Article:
What you’ll need: A reasonably current copy of Photoshop or Photoshop Elements. Please note that there may be cosmetic differences in the process for different versions. I’m using Photoshop CS4. And you’ll need a digital photo.
If you aren’t sure why you should pay special attention to how you prepare photos for the Web or are confused by the whole dpi thing, read my Resizing Your Photos for the Web tutorial until you get to the Picasa instructions. Then come back here. If you’ve got Photoshop or Photoshop Elements, you’ll get more control from those programs than you would with Picasa.
I’ll be paying attention to resizing photographs in this tutorial. Look for my tutorial on resizing graphical images coming soon. If you’re unsure of when you’d want to use a JPEG and when you’d want to use another format, check out my What Image Format Should I Use? tutorial.
I’ll start by opening up Photoshop and loading a photo taken with a standard, point-and-shoot digital camera. This one is already a JPEG file, as that’s the format this camera stores pictures in. But it doesn’t matter what format the photo is, so long as you can open it in Photoshop. We’ll be converting the picture to an optimized Web image.
This photo is 2816 pixels wide by 2112 pixels high. This is way too big for the Web. Most Web pages are under 1000 pixels wide, so this picture would overflow your audience’s browsers by a significant amount. Also, the photo is 2.33 megabytes. It would load slowly, even on a broadband connection.
With Web graphics, the smaller the file size you can create, the better. Every added kilobyte on your Web page slows down loading a tiny bit. Try and keep your Web graphics under 100k, and then only if it’s a really important image. Under 70k is better, under 50k even better, and under 30k really better. There is always a trade-off of quality versus quick loading times on the Web: try and find the happy medium. Fortunately, Photoshop allows you to preview different options before you settle on a final Web graphic.
Note: You can resize your photos in Photoshop by choosing Image>Image Size and reducing the photo size. But if you do this don’t forget to save the reduced image with a different name. Otherwise, you run a risk over overwriting your original high-quality image file. If you ever want to print the file, and you’ve shrunk it and overwritten it, you’ll be out of luck. So if you worry about doing that, you can do it from the Save for Web window.
Open an image in Photoshop and choose File>Save for Web (or Save for Web & Devices).
Here’s the Save for Web window. You’ll see something like the image above. If you don’t see two image windows, locate the 2-Up tab at the top of the window and click it. Depending on the image, these windows may be top and bottom or side-to-side.
One window has the word Original beneath it, and shows you the uncompressed image. This is great for seeing if the Web version you’re creating looks “right.” The second window shows a preview of the Web graphic you’re creating.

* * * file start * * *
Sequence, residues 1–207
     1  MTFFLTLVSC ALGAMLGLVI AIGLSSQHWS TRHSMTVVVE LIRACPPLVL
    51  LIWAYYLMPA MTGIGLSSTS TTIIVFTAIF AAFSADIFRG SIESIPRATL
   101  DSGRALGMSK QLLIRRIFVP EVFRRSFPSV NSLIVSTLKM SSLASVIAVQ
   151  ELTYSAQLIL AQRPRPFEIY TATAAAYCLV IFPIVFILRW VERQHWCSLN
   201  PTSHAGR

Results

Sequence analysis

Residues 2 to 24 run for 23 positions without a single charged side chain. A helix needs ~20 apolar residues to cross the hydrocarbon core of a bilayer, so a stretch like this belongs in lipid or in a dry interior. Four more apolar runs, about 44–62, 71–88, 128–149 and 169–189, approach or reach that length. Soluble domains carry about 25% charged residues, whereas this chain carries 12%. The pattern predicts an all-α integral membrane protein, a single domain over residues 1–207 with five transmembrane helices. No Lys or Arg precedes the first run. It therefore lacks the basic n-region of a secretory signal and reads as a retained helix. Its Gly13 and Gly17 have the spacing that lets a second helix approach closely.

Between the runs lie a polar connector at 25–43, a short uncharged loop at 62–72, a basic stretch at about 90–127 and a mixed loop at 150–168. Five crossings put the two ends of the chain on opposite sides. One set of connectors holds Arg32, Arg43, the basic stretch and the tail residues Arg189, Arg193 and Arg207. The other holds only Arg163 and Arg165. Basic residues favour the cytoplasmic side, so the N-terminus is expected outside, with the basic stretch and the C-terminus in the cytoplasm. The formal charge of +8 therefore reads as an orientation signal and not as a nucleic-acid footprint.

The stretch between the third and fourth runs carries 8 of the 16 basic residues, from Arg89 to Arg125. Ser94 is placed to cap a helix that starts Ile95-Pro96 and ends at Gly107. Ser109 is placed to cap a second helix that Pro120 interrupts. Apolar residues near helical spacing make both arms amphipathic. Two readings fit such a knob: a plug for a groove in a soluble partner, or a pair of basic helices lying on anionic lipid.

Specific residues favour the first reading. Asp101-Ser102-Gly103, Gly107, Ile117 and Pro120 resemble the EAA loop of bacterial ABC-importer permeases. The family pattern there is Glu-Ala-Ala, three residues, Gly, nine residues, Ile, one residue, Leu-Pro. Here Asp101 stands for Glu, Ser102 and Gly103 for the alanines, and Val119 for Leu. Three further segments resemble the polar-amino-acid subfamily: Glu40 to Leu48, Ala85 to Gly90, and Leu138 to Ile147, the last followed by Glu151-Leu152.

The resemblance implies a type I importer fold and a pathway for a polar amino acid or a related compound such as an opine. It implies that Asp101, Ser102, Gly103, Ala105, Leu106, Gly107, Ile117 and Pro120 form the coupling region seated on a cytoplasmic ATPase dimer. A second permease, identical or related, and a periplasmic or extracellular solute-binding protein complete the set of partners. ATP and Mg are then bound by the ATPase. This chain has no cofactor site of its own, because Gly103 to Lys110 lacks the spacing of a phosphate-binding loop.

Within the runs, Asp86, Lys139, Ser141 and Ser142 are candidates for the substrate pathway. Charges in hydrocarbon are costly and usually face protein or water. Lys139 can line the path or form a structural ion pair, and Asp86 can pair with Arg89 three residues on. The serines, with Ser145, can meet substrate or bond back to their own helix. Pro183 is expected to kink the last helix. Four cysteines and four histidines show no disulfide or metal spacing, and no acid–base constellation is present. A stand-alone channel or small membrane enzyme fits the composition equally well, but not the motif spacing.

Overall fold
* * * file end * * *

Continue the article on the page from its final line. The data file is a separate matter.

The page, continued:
I decided not to resize the image before entering this window. You can see that the image is way too big: you can only see the top corner of it. So we’re going to reduce the photo size first. On the right-hand side of the window, you’ll see the Image Size section.
Make sure that the chain icon is set as above, as this makes sure your image resizes proportionally. Now type a new number into the width or height. I would recommend not making your photos bigger than 500px wide unless it’s really important. But make sure the image isn’t too big for the area you want to put it. Go smaller when you can. So, for instance, type 500 into the width field. Then click in another field (or hit the Tab key). The image will resize proportionally based on the number you entered.
Above, you’ll see the image reduced to a much better Web size. In my version, setting width to 500px automatically set the height to 375px. See, no math to worry about. It’ll also tell you the percentage of the original size your new size is. In this case, it’s a patriotic 17.76%.
That’s the real work done. Now it’s just a matter of looking at the different options that will give you a good balance of file size and image quality. This is a photo, so I want to use JPEG.
At the top right of the Save for Web window, you’ll find the format selector. This is where you’ll make adjustments to find that balance of size and quality. There’s a preset drop-down, so I’ll choose JPEG High to see how it looks. Compare the preview with the original. Then look at the text beneath the preview, you’ll see the file size you’d create with the current settings. Change to JPEG Medium and make a judgment call: is the savings in size worth any degradation of image quality? I can’t help you here, use your judgment. You can fine tune by typing different numbers into the Quality box. Is the default 60 for High too big, but default 30 for Medium looks crummy? Try typing in 40 and see what happens. Or 50. It’s worth taking a bit of time to get the best results.
What to Look For
JPEG makes file-sizes smaller by compressing the quality of the image. If you go too low, you get visible JPEG “artifacts”. Look a the photo below. See all the blocky, blurry areas? Those are artifacts created by overcompressing your image. If you see this, turn the quality up.
For my photo, I ended up going with the default JPEG High quality of 60. It looked terrible smaller, and though there are a few artifacts, I think they’re acceptable to keep the file size lower (you can see them around my head and in the top corners). Final file size: 43k. Final dimensions: 500px x 375px. Judge for yourself below.